I recall a time in my early coming-out days in the mid-90s when attending a Boise Pride Festival rally and marching in the parade caused more than a little anxiety.
Some of that fear, I know, stemmed from my own insecurities about being openly gay. But it was more than that. I distinctly remember years when protestors heckled us loudly across the street from the State Capitol Building where the rally is held, many carrying signs condemning us. At least one person always had a bullhorn and his hateful remarks often overpowered whoever was trying to speak to the rally crowd.
Then one year I watched a policeman take a bullhorn away from a protestor in mid-yell. It’s never returned. In fact, over the last two decades, the number of protestors at the Boise Pride Festival has significantly dwindled to the point where you’d have to look pretty hard to find them. At the same time, the number of folks participating in the rally and parade has continued to grow each year. Former Idaho Sen. Nicole LeFavour, an openly gay politician now running for U.S. Congress, noted during her rally speech this year that she could never recall seeing so many people there–easily 1,000 strong.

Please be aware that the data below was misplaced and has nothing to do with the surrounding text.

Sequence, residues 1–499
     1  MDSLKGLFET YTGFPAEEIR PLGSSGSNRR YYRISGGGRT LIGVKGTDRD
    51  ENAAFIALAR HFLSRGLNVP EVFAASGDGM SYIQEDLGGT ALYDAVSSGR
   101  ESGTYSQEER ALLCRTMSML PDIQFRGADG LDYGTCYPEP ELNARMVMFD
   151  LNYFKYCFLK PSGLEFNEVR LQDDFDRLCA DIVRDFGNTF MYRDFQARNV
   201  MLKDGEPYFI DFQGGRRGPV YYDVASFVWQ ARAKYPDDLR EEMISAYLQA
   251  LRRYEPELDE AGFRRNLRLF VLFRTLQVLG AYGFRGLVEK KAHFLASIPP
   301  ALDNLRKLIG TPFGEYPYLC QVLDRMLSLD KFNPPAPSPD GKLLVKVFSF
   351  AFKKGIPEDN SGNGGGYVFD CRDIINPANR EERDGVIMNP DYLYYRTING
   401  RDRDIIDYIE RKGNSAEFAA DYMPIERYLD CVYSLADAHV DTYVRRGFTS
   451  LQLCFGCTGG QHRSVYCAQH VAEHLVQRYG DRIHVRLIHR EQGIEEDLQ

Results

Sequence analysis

In Idaho, where it’s easy to become despondent about our Legislature’s steadfast discrimination of the LGBTQ community, it’s important to remember and point out positives like the growing Boise Pride Festival attendance, among them many allies. Acceptance and support from allies overall is increasing and includes President Obama, whose recent endorsement of marriage equality will, I believe, be looked back upon as a significant step forward on the road to LGBTQ equality in the United States.
I’m also encouraged during my gradual travels of the world to believe that LGBTQ equality in Idaho and the entire U.S. is only a matter of time. Eleven countries now legally recognize same-sex marriages, among them Norway and Sweden, two places my partner Jim and I recently visited. Rainbow flags abounded at restaurants, shops and hotels, and a tour guide in Stockholm casually mentioned that same-sex marriages are now among the average of 38 marriages performed weekly in their city hall, Stadshuset. Jim and I found ourselves smiling a little brighter after that trip.
There’s no doubt there’s still much work to be done before we can declare the struggle for LGBTQ equality over, but it’s good every now and then to stop and celebrate the strides that we have made. Every day really does get a little bit better.
Steve Martin is Pride Foundation’s Regional Development Organizer in Idaho. Email Steve.